PRIZBA - A settlement on the southern side of the island on the local coastal road between Blato and Smokvica. There is a convent of the Sisters of Mercy in Prizba and a tourist settlement nearby. In front of the settlement lie several uninhabited islets which are attractive destinations for day trips and sports fishing. In front of the old part of the settlement extends the Ratak Peninsula, which provides protection from the jugo on one side, and from the maestral on the other. Boats can berth at a pier with a depth of 2 m. The bottom is rocky.
PUPNAT - A settlement in the interior of the eastern part of the island. Ii lies on the regional island road in a valley between the hills anc is a starting point for hiking trips to Klupca (569 m), the highesl peak of the island, to the settlement of Racisce on the northern coast and to the hamlet of Pupnatska Luka on the southern coast. The inhabitants of Pupnat engage in agriculture and wine growing, and are the owners of the Kneza Bay on the Peljesac Channel, where they have built houses for tourists. The cemetery Church of sv. Juraj (St. George) was mentioned in 1383, and the three-aisle parish church was built after 1620. The Pupnatska Luka Bay with a few houses provides a good anchorage at depths between 8 and 10 m, and is exposed to southerly winds.
RACISCE - A tourist settlement with a harbour on a bay on the northeastern coast of the island. It is accessible by a local road from the town of Korcula. The main economic activities are agriculture, fishing and tourism with various accommodation facilities, including two private campsites. To the west lie the picturesque Vaja and Samograd Bays with beaches. Prehistoric remains have been discovered in a cave on the Samograd Bay. Racisce was established by refugees from the Makarska Riviera in the second half of the 17th century. In 1730 they were joined by refugees from southern Herzegovina. In the middle of the village stands the Baroque Parish Church of sv. Nikola (St. Nicholas). The harbour is protected by a breakwater with a depth of up to 3.5 m. There is an anchorage in the middle of the bay at a depth of around 6 m. When the northwesterly wind blows, the sea becomes choppy even behind the breakwater, and the anchorage is no longer safe.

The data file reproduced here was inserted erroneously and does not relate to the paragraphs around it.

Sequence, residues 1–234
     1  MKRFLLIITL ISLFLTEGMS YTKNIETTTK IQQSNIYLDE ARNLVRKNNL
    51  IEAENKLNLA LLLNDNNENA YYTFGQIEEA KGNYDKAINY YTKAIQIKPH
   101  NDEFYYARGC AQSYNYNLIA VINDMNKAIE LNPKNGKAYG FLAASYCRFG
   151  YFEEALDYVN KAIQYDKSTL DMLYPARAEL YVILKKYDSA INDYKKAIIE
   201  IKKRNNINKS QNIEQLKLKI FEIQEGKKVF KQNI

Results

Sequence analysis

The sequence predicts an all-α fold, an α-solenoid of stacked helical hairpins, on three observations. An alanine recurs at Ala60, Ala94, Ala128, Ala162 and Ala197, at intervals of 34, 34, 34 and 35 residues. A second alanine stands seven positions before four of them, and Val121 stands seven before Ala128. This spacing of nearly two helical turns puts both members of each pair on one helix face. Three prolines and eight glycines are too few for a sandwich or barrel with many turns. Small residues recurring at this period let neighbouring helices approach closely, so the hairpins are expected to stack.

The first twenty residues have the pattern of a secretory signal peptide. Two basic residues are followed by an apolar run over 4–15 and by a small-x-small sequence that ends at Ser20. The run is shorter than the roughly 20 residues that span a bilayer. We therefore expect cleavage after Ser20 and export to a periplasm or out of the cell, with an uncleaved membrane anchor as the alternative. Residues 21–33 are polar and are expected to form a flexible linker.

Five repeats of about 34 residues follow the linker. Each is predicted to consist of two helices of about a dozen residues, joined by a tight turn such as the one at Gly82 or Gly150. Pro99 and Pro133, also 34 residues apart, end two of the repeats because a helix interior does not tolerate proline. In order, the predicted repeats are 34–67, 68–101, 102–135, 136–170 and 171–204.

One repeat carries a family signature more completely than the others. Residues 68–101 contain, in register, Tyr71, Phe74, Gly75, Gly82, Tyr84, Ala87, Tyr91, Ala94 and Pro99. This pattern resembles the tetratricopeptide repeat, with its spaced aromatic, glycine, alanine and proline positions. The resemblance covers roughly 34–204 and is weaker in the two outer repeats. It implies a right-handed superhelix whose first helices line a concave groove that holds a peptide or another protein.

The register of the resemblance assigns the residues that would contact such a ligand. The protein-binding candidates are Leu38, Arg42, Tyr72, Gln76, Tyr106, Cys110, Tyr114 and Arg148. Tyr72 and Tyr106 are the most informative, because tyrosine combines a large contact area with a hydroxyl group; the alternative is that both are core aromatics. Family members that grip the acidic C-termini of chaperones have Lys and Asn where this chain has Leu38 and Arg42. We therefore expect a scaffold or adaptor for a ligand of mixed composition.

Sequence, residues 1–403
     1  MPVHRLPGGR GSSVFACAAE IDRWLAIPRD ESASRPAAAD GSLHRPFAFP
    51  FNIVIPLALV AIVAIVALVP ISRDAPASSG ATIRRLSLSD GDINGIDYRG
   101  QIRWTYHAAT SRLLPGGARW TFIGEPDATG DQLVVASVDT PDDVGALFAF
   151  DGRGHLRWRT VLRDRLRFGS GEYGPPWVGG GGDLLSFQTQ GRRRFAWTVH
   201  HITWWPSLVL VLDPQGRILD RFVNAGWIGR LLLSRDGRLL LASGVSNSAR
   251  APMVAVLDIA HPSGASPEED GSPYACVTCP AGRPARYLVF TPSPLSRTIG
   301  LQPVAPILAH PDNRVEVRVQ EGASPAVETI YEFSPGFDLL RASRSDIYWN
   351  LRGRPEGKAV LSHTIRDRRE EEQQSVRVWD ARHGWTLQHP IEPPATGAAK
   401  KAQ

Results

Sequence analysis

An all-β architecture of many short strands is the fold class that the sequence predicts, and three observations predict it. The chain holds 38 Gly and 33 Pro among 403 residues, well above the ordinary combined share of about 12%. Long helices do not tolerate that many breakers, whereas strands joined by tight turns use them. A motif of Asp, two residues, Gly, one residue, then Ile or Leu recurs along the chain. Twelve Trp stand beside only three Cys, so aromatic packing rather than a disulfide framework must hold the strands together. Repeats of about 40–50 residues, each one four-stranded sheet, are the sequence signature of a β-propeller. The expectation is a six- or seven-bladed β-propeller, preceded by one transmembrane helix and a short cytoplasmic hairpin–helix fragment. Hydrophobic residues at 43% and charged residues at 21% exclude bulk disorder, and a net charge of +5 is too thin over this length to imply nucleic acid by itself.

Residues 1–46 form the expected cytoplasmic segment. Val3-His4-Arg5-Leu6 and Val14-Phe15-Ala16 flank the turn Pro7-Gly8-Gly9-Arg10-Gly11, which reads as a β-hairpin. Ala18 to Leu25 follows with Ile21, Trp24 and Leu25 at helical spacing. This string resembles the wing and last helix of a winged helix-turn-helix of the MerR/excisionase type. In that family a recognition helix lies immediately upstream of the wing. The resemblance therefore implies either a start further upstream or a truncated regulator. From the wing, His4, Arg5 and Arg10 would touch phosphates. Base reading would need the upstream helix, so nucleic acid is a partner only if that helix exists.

SMOKVICA - A settlement in the central part of the interior of Korcula on the regional island road. The economy is based on agriculture, wine growing (a large wine cellar), fruit and olive growing and olive processing. Smokvica is known for its Posip and Rukatac white wines. The parish church contains a loggia which is a remnant of an older church from the 17th century and in which the village chief and the judge held office. Smokvica has preserved a centuries-old chivalric sword dance called Kumpanija, which is frequently performed for tourists. Smokvica's harbor is Brna.